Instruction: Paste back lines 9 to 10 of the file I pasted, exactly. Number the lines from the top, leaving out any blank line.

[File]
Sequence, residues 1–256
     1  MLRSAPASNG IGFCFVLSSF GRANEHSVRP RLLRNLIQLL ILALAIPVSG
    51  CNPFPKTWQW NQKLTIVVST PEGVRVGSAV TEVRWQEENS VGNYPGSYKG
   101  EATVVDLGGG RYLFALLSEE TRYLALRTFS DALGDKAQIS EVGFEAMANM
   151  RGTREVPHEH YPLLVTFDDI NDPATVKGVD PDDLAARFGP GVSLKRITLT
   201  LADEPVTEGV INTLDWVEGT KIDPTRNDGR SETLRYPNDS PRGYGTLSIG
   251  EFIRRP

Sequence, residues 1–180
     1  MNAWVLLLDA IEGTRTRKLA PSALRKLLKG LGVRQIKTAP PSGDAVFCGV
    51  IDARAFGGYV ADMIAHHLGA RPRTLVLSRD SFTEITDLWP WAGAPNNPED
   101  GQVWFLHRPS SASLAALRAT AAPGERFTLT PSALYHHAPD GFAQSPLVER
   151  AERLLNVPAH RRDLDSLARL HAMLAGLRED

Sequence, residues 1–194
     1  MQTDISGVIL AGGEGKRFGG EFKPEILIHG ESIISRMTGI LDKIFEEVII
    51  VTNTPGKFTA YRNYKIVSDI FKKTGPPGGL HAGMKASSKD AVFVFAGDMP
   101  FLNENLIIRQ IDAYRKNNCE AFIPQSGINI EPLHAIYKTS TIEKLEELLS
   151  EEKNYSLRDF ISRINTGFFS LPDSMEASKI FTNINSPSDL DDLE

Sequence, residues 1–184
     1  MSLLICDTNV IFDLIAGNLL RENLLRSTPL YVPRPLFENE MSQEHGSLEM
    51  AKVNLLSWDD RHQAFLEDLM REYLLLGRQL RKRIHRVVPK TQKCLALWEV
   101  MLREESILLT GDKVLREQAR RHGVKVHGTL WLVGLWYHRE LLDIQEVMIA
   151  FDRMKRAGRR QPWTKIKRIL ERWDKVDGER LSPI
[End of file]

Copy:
     1  MNAWVLLLDA IEGTRTRKLA PSALRKLLKG LGVRQIKTAP PSGDAVFCGV
    51  IDARAFGGYV ADMIAHHLGA RPRTLVLSRD SFTEITDLWP WAGAPNNPED